A conducting loop has a magnetic field. Do its accelerating (direction) electrons radiate? A superconducting loop has a magnetic field. Do its accelerating (direction) electrons radiate? A permanent magnet's field is generated by aligned orbital angular momenta (e.g., 37% of Sm_2Co_17 magnetic field). Do its participating electrons radiate?

@ Matt,
On what scale is the radiation from protons in a particle accelerator such as the Tevatron or the LHC?

@ Uncle Al,
Re your first question: could you please define "night" at the sun :D

It's pretty hefty. Hyperphysics has a good summary of it. At the relativistic speeds of particle accelerators, the effect is much more pronounced. That's the reason the Tevatron and the LHC use protons; the increased mass means you gan get them to higher energies at a smaller velocity.

An electron is released from rest and falls under the influence of gravity. How much power does it radiate?

Supposed to be EXACTLY the same as how much power is radiated by a positron released from rest and falling under the influence of gravity.

But this has not been well-tested, nor the crucial test of falling anti-hydrogen atoms, behaving identically to falling hydrogen atoms, which Michael Salamon, head of all Astrophysics missions at NASA HQ, would dearly like to see experimentally tested.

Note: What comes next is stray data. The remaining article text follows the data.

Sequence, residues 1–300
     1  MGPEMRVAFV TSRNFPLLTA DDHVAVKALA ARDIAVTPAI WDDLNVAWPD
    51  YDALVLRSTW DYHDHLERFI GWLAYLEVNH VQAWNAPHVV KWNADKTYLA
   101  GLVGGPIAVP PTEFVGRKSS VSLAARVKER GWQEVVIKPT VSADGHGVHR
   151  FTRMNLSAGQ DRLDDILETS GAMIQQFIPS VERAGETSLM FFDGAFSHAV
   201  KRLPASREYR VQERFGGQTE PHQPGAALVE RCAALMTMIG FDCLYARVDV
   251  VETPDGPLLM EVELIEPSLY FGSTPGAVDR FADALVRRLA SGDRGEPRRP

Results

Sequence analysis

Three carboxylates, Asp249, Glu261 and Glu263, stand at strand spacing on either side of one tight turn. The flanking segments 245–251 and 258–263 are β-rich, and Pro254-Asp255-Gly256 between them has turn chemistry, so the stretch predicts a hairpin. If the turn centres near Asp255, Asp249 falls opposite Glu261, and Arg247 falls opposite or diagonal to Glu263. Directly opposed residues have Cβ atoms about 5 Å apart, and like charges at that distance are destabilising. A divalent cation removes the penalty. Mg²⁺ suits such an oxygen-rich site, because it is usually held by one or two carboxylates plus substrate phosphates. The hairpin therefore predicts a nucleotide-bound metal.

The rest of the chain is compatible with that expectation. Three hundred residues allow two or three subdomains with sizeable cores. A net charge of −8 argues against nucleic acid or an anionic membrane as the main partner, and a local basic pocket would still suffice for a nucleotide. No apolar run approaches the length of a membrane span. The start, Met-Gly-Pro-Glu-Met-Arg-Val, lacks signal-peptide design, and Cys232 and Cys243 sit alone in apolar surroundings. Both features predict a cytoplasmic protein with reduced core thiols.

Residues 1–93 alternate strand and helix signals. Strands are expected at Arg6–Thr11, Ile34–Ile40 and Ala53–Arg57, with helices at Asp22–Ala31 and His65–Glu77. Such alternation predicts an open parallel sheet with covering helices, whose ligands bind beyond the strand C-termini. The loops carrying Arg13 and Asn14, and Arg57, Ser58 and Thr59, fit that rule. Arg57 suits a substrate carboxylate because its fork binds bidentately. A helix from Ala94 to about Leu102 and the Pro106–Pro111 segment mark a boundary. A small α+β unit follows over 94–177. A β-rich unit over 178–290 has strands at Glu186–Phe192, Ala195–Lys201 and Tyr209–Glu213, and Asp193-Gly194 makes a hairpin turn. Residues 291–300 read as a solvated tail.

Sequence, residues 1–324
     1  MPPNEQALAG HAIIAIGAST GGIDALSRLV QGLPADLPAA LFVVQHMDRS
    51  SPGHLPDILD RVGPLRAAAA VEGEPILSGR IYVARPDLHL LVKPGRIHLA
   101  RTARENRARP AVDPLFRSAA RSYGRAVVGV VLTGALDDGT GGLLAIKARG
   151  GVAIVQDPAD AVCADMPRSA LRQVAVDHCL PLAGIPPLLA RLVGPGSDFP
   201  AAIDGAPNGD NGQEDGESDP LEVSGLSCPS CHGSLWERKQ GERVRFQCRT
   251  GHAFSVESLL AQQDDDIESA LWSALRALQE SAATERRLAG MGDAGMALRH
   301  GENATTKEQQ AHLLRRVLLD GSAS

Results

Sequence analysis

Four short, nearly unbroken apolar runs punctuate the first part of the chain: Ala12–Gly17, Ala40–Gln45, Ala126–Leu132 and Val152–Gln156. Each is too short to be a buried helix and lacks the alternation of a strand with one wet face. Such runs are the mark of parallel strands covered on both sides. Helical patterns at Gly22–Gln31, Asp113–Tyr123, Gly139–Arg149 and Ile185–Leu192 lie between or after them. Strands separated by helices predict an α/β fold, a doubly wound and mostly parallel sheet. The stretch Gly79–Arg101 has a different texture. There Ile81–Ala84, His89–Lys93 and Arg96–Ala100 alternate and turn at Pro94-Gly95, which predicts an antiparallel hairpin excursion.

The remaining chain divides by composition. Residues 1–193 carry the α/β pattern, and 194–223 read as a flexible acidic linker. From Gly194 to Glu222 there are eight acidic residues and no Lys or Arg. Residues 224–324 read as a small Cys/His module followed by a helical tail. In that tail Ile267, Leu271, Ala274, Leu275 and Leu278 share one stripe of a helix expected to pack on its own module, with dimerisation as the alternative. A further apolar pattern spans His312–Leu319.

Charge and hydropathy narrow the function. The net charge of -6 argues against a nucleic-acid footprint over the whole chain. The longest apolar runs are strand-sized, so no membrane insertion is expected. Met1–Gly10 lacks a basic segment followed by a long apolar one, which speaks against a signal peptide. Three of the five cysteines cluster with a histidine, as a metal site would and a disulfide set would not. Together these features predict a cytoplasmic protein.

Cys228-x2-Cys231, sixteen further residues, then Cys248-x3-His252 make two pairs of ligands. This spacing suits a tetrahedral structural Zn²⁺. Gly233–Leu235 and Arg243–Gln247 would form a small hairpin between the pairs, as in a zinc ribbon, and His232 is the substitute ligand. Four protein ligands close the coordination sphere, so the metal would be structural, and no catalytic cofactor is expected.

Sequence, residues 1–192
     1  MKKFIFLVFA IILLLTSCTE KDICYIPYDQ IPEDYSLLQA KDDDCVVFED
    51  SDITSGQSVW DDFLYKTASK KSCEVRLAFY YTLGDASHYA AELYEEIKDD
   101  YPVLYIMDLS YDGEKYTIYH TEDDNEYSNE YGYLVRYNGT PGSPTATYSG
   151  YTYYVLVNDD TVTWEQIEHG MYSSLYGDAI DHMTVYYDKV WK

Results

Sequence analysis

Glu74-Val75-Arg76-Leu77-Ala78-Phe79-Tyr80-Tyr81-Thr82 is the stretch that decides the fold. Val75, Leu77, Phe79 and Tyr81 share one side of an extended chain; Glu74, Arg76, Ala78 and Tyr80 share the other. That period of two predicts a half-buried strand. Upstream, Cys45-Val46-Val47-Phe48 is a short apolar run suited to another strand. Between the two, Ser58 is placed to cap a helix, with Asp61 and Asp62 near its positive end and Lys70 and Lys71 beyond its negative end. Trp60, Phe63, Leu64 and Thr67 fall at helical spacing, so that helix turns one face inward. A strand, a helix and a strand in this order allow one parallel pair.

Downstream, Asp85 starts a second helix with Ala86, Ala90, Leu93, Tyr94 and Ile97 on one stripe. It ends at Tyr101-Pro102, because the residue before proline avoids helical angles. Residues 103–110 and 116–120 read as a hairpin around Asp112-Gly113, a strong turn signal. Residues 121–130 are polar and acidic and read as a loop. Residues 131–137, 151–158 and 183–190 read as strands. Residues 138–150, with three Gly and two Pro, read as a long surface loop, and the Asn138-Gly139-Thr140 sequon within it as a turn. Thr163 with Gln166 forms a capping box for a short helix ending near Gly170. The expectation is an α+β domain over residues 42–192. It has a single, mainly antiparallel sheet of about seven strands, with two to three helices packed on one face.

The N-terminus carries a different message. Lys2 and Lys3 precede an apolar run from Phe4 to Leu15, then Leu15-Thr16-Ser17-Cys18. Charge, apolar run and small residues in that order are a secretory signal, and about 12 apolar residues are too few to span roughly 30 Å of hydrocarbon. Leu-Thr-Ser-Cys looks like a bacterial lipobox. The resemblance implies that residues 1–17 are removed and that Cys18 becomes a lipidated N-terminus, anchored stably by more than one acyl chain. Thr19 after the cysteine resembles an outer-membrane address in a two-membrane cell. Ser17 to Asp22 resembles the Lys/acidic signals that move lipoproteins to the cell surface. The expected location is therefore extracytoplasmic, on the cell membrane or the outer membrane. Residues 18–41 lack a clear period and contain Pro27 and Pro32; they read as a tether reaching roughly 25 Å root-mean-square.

Is the Cherenkov effect caused by the deceleration of a charged particule, or is it unrelated ?

It shares some similarities with the Cherenkov effect since both are a result of acceleration. However, the Cherenkov effect specifically requires the electron to be decelerating in an insulator while traveling at a speed greater than c/n, where n is the refractive index of the material. That creates sort of a shock wave effect.

Cherenkov light has to do with the fact that the speed of light in a medium is c/n (where n is the index of refraction). When a charged particle enters a medium moving faster than c/n, it creates radiation similar to a sonic boom.

By creeky belly (not verified) on 06 Aug 2008 #permalink

Whoops, you were quicker on the draw Matt. Sorry for the echo chamber.

By creeky belly (not verified) on 06 Aug 2008 #permalink

If an observer and an electron fall together in a graviational field, the observer will cinclude that the electron is at rest and radiates no energy.

If the electron is stationary, the observer will conclude that the electron is accelerating upward, and does radiate energy.

When I charge up my van-de-graf generator in my garage, how come it doesn't glow from all the electrons accelerating upward against gravity?